The year was 1961. The confessional was dark, as it should be. A recalcitrant fifth-grade sinner, I had just poured my soul out to a family friend, the parish pastor. As he finished absolving me for what I was sure were the worst sins ever, he added, “Tell your mother that…”
I can’t recall the rest of the message; I only remember my deep mortification. The whole purpose of the box was anonymity. How was this okay? It was perhaps borderline prideful on my part to think my sins that exceptional. And, as a frequent Mass server, he probably just recognized my voice. Still, I felt violated. What was routine for him was a very big deal for me.
And still, I was compelled to seek the sacrament. In the end, it always seemed a journey from shadow to light. I was a repeat offender. My sins were monotonous, petty, and yet they oppressed me. Absolution was the light at the end of the tunnel. The confessional was repulsive yet enticing.
A few short years later, face-to-face Confession was to become the norm—one might say, the preferred mode. I can’t help but wonder how many souls have been discouraged in the process. Confession is easily the most intimate spiritual thing imaginable. Is confidentiality really enough? Clearly, the creators of the box did not think so. Wouldn’t anonymity help the cause of confidentiality? How is it that in the age of psychology we have forgotten so much psychology?
Surely, there are those among us who prefer a face-to-face encounter. Good for us. But personality differences alone will tell us that there is no one-size-fits-all approach to something so intimate.
To be certain, the Saturday morning lineup for the confessional is not what it was a generation ago. I seriously doubt that the reason is that the current generation is less sinful; it is much more likely that fewer of us actually believe that sin is a thing. When face-to-face confessing was introduced, there was an effort to make sure that maintaining anonymity was still an option. But now that seems to be less and less the case.
I say, bring back the box. The face-to-face experiment has been a noble effort to make the Faith more engaging, more personable—no scary black box. It hasn’t worked. The black box is not scary, except maybe to second graders, but I didn’t find it so. The lack of anonymity is plenty scary for many.
My non-Catholic readers may, of course, find no necessity, no utility whatsoever in this discussion because they have embraced a direct avenue to forgiveness. Of course, we Catholics understand that it is God who forgives in the confessional just as surely as He forgives us when we go to Him directly. That being said, Christ’s command to the apostles concerning sin—“Whose sins you shall forgive, they are forgiven them; whose sins you shall retain they are retained”—is entirely devoid of context without confession, unless we are attributing to all of the apostles the ability to read souls, something that neither Scripture nor Tradition has ever claimed. And if the Church assigns no necessity to the process of confessing, then Christ was wasting words. The Word doesn’t waste words.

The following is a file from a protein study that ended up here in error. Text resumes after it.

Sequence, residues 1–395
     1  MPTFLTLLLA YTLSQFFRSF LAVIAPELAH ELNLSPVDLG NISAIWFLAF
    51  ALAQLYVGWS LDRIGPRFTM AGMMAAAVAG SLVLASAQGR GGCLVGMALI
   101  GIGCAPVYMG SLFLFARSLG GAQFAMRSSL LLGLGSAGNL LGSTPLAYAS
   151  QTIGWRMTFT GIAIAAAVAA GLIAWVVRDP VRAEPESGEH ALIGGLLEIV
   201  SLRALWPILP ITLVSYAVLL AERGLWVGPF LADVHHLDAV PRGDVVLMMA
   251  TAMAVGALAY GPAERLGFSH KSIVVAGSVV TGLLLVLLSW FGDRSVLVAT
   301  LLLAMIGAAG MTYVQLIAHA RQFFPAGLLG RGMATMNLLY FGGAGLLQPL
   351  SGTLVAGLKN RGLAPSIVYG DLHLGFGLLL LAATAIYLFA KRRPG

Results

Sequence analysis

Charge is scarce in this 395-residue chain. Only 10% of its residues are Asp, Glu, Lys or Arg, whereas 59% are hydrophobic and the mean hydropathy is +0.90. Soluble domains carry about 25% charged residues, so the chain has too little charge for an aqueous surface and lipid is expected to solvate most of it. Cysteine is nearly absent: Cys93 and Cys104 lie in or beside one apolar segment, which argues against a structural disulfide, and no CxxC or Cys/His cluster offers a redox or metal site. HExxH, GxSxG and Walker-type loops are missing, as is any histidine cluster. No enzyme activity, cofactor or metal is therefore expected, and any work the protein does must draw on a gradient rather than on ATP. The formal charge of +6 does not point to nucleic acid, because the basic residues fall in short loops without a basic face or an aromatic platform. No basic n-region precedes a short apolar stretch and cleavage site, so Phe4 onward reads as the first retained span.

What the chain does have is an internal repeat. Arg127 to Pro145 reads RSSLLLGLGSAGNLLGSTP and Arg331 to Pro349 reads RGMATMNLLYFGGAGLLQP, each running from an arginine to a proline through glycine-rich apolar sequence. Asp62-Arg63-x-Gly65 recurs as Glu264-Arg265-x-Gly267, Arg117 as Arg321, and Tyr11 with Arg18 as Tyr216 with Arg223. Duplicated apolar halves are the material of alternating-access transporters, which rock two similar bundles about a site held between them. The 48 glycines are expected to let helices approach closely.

It is one thing to confess your sins to God, it is another to receive counseling and an objective perspective of the weaknesses in your life in Christ, a perspective that serves to assist a soul in embracing another of Christ’s commands: “Go and sin no more.”
Though the Sacrament of Reconciliation is probably the least popular of the seven sacraments, there is nonetheless a human obsession with confession. It requires humility, something perennially in short supply, and yet there is something in the human psyche, some craving, some absolute need to unload, as witnessed by police officers who record statements from the accused that go something like this: “Why am I telling you this? I don’t know. I just had to tell somebody—anybody!” Face-to-face confession began at the local precinct.
If you’ve offended your spouse, God will forgive your sin; but that forgiveness will not heal the relationship with your spouse. Similarly, a need to confess to another human being, one of the many we offend nearly every day, is a dimension of spiritual healing that cannot be ignored. Our sins offend both God and humanity; the priest is there as the representative of both.
What’s that? You don’t offend people? Immaculately conceived, eh? God knows us and our nature much better than any of us ever will, and that’s why he instituted this terrifyingly wonderful sacrament.
When the non-Catholic sects abandoned the sacrament, it left a void, a wound that has only deepened with fewer and fewer Catholics availing themselves of the graces of the sacrament. Substitutes have been sought, but such are largely an exercise in self-deception: most often, absolution by blame.